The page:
Every five to ten years, the Internal Revenue Service (IRS) requires retirement plan sponsors to completely re-write their plan document to reflect regulatory and legislative changes. This is referred to as restating the plan. If you had a plan in place during the early 2000s, you may recall having to restate your plan document for new laws dating back to 1993.
After the last restatement period, the IRS established a new process for future plan restatement “cycles” for different types of plans and plan documents. The cycle for defined contribution plans using either prototype or volume submitter plan documents (referred to as “pre-approved” documents) begins later this Spring. Some of the regulatory changes addressed in this upcoming restatement include:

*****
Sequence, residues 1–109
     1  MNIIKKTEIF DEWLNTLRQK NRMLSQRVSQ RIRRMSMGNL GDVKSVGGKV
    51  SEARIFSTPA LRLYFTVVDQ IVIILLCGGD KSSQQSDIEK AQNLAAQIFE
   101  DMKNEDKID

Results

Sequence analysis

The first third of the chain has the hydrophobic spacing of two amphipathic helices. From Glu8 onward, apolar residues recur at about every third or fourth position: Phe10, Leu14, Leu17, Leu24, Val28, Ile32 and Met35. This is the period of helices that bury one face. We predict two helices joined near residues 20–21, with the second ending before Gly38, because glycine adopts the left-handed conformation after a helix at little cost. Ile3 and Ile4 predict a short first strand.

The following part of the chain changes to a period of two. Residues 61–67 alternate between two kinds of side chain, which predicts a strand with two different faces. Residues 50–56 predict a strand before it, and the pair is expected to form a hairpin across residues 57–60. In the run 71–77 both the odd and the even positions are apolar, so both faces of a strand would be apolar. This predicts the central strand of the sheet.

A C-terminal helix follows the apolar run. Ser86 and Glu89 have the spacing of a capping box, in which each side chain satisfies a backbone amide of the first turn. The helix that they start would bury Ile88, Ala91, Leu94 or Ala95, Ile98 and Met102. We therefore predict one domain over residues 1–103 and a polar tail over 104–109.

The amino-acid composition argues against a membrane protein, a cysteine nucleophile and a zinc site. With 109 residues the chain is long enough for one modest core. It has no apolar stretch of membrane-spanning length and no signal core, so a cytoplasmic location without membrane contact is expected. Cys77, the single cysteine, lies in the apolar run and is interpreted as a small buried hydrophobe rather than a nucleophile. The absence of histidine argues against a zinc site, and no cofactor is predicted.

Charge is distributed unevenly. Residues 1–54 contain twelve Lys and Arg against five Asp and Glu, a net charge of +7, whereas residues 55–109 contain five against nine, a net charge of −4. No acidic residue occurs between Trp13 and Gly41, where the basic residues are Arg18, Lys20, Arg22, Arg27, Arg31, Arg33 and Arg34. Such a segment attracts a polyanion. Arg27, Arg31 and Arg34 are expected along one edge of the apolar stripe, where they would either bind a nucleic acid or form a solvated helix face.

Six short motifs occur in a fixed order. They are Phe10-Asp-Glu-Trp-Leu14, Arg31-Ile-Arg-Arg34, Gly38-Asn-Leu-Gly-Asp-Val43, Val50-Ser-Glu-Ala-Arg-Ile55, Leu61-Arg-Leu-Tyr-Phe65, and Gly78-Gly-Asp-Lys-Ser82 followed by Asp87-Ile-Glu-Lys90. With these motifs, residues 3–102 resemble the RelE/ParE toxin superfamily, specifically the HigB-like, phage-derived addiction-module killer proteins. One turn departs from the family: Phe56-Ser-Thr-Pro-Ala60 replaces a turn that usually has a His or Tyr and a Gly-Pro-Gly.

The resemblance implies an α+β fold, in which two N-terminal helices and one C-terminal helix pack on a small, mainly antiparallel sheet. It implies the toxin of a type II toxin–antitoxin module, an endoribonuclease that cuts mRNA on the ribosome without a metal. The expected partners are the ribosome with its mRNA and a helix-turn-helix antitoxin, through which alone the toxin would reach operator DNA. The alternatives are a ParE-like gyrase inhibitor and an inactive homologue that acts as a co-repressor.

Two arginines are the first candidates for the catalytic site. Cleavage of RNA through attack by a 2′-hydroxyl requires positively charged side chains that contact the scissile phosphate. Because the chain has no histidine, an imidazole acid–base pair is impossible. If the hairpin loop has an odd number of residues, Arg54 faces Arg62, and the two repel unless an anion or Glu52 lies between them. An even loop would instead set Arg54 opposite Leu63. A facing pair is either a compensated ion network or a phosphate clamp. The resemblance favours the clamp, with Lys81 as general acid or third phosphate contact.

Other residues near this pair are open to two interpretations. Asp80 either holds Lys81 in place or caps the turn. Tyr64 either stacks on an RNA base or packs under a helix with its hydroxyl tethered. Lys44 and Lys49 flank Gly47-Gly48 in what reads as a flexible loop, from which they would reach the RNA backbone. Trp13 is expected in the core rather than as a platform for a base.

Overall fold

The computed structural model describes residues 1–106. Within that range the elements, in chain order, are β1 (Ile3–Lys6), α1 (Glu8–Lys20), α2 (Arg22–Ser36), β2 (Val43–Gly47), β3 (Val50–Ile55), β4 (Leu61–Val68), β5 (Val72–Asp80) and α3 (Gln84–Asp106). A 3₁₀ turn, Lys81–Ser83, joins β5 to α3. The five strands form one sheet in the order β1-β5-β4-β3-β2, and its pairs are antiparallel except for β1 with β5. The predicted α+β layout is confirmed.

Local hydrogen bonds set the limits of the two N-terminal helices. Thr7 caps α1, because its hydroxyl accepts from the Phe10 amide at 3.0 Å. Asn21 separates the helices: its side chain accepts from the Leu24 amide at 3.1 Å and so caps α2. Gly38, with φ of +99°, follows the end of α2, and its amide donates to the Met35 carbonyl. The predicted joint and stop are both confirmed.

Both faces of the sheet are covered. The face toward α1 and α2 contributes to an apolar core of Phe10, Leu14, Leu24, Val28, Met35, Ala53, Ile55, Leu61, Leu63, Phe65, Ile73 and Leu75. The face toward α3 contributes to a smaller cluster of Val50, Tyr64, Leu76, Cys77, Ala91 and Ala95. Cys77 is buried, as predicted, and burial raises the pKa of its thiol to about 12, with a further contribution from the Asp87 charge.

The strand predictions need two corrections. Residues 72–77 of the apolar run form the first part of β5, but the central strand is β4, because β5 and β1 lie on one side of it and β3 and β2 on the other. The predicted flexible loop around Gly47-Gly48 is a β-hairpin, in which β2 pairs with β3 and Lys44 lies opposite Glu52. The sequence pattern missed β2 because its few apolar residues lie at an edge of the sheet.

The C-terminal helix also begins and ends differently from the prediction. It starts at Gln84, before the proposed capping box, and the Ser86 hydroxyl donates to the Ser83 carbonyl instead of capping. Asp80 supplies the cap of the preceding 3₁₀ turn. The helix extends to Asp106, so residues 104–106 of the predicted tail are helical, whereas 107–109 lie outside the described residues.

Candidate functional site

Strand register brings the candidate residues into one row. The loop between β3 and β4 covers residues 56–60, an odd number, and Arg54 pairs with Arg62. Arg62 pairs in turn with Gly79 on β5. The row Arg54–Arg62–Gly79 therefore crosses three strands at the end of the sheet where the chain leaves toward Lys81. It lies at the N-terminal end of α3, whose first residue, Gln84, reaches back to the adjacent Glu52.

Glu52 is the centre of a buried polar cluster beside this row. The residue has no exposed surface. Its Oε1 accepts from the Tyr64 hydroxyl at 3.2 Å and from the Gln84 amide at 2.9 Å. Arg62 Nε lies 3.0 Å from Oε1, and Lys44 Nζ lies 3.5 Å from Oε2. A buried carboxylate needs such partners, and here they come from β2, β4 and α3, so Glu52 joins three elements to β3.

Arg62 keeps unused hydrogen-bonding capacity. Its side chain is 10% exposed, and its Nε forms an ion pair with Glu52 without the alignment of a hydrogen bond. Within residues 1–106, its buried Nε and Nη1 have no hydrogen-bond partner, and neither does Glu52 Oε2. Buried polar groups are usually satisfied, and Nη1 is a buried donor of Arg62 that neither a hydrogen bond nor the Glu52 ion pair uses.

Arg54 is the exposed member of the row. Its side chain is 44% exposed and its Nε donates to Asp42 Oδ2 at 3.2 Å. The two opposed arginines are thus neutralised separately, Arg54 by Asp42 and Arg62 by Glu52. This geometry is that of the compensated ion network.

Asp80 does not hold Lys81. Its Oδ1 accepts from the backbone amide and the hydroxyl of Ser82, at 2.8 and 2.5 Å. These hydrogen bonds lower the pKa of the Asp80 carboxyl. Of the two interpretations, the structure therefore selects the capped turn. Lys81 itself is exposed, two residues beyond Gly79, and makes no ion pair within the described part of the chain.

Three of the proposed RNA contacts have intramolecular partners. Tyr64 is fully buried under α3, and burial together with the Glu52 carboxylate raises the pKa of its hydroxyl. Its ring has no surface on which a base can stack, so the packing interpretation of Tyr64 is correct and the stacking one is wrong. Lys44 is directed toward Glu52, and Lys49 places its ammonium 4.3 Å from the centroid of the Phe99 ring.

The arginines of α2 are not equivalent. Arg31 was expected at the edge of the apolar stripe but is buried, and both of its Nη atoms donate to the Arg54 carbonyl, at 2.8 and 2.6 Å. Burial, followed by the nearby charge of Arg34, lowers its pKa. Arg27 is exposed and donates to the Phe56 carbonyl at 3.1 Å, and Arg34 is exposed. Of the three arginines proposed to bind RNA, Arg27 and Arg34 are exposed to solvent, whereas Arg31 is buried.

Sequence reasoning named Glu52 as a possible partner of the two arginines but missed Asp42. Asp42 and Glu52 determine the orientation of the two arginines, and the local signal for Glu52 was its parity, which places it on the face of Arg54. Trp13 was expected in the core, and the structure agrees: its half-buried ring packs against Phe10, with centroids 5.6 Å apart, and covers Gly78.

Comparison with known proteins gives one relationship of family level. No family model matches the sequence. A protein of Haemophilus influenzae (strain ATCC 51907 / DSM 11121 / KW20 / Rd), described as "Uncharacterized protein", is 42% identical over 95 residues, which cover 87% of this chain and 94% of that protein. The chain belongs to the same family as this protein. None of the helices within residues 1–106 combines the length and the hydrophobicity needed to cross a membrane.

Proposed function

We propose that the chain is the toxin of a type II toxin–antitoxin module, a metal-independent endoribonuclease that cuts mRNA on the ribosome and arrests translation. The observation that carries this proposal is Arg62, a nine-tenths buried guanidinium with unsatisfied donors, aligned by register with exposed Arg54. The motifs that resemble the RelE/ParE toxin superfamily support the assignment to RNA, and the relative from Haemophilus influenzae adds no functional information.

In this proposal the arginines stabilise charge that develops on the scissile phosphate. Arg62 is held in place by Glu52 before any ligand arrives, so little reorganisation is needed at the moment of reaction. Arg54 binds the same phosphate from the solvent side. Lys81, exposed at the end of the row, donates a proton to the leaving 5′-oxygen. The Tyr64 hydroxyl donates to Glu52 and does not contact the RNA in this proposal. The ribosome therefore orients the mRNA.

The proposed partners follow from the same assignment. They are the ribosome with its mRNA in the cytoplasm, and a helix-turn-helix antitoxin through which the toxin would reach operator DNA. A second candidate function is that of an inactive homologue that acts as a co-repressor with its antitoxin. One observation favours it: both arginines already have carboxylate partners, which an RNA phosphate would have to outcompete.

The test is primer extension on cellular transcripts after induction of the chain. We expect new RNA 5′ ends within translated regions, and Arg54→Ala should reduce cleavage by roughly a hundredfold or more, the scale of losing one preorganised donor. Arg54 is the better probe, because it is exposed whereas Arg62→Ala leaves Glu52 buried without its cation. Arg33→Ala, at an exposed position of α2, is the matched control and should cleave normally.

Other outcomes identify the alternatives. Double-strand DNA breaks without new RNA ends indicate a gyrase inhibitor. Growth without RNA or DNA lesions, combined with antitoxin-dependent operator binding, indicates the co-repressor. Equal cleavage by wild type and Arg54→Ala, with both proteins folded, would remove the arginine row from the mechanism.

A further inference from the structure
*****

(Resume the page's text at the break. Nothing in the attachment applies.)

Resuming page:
- Economic Growth And Tax Relief Reconciliation Act of 2001 (EGTRRA)
- Updated Required Minimum Distribution Regulations
- Updated 401(k) Regulations
- Mandatory Distribution/Automatic Rollover Regulations
While these regulatory changes have been addressed through individual plan amendments, the IRS requires the full incorporation of all regulatory and voluntary plan amendments into the main body of the plan document during these restatement cycles.
Restating your plan document is not optional. Not complying with IRS restatement guidelines may result in IRS penalties or the loss of your plan’s tax qualified status.